Both of my parents came from a background of chronic poverty and limited educational opportunity. They eventually overcame these constraints through a combination of hard work, persistence and passion. They instilled these traits in me, and somehow they did so in a way that fostered a belief in a well-balanced life containing both work and leisure.
But to many, especially in the United States, the live-to-work ethic thrives. This condition is so acute and prevalent that most Americans caught in corporate jobs never take their full — and yet meager by global standards — allotment of annual vacation. Our culture is replete with tales of driven, aspirational parents — think dragon mom — who seem to have their kid’s lives mapped out from the crib.
I have to agree with columnist George Monbiot: while naked ambition may gain our children monetary riches and a higher rung on the corporate ladder it does not a life make.
From the Guardian:
Perhaps because the alternative is too hideous to contemplate, we persuade ourselves that those who wield power know what they are doing. The belief in a guiding intelligence is hard to shake.
We know that our conditions of life are deteriorating. Most young people have little prospect of owning a home, or even of renting a decent one. Interesting jobs are sliced up, through digital Taylorism, into portions of meaningless drudgery. The natural world, whose wonders enhance our lives, and upon which our survival depends, is being rubbed out with horrible speed. Those to whom we look for guardianship, in government and among the economic elite, do not arrest this decline, they accelerate it.
The political system that delivers these outcomes is sustained by aspiration: the faith that if we try hard enough we could join the elite, even as living standards decline and social immobility becomes set almost in stone. But to what are we aspiring? A life that is better than our own, or worse?
Last week a note from an analyst at Barclays’ Global Power and Utilities group in New York was leaked. It addressed students about to begin a summer internship, and offered a glimpse of the toxic culture into which they are inducted.
“I wanted to introduce you to the 10 Power Commandments … For nine weeks you will live and die by these … We expect you to be the last ones to leave every night, no matter what … I recommend bringing a pillow to the office. It makes sleeping under your desk a lot more comfortable … the internship really is a nine-week commitment at the desk … an intern asked our staffer for a weekend off for a family reunion – he was told he could go. He was also asked to hand in his BlackBerry and pack up his desk … Play time is over and it’s time to buckle up.”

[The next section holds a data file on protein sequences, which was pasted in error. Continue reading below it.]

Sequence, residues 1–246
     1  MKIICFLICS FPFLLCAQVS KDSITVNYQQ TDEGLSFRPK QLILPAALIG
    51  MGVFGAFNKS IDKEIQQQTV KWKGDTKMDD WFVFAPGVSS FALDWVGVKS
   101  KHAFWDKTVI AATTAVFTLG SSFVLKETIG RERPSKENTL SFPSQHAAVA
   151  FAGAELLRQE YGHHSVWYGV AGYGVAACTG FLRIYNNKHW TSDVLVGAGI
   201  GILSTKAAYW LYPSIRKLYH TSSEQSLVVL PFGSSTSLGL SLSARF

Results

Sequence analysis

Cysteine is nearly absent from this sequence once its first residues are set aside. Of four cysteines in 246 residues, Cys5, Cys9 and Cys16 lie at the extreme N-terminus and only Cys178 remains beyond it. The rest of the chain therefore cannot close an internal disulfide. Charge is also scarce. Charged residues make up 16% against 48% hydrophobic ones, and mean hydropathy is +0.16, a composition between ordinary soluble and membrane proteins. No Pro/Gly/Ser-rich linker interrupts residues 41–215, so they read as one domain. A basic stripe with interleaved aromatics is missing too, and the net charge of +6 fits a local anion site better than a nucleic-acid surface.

Play time is over, but did it ever begin? If these students have the kind of parents featured in the Financial Times last month, perhaps not. The article marked a new form of employment: the nursery consultant. These people, who charge from £290 an hour, must find a nursery that will put their clients’ toddlers on the right track to an elite university.
They spoke of parents who had already decided that their six-month-old son would go to Cambridge then Deutsche Bank, or whose two-year-old daughter “had a tutor for two afternoons a week (to keep on top of maths and literacy) as well as weekly phonics and reading classes, drama, piano, beginner French and swimming. They were considering adding Mandarin and Spanish. ‘The little girl was so exhausted and on edge she was terrified of opening her mouth.’”
In New York, playdate coaches charging $450 an hour train small children in the social skills that might help secure their admission to the most prestigious private schools. They are taught to hide traits that could suggest they’re on the autistic spectrum, which might reduce their chances of selection.
From infancy to employment, this is a life-denying, love-denying mindset, informed not by joy or contentment, but by an ambition that is both desperate and pointless, for it cannot compensate for what it displaces: childhood, family life, the joys of summer, meaningful and productive work, a sense of arrival, living in the moment. For the sake of this toxic culture, the economy is repurposed, the social contract is rewritten, the elite is released from tax, regulation and the other restraints imposed by democracy.
Where the elite goes, we are induced to follow. As if the assessment regimes were too lax in UK primary schools, last year the education secretary announced a new test for four-year-olds. A primary school in Cambridge has just taken the obvious next step: it is now streaming four-year-olds into classes according to perceived ability. The education and adoption bill, announced in the Queen’s speech, will turn the screw even tighter. Will this help children, or hurt them?
Read the entire column here.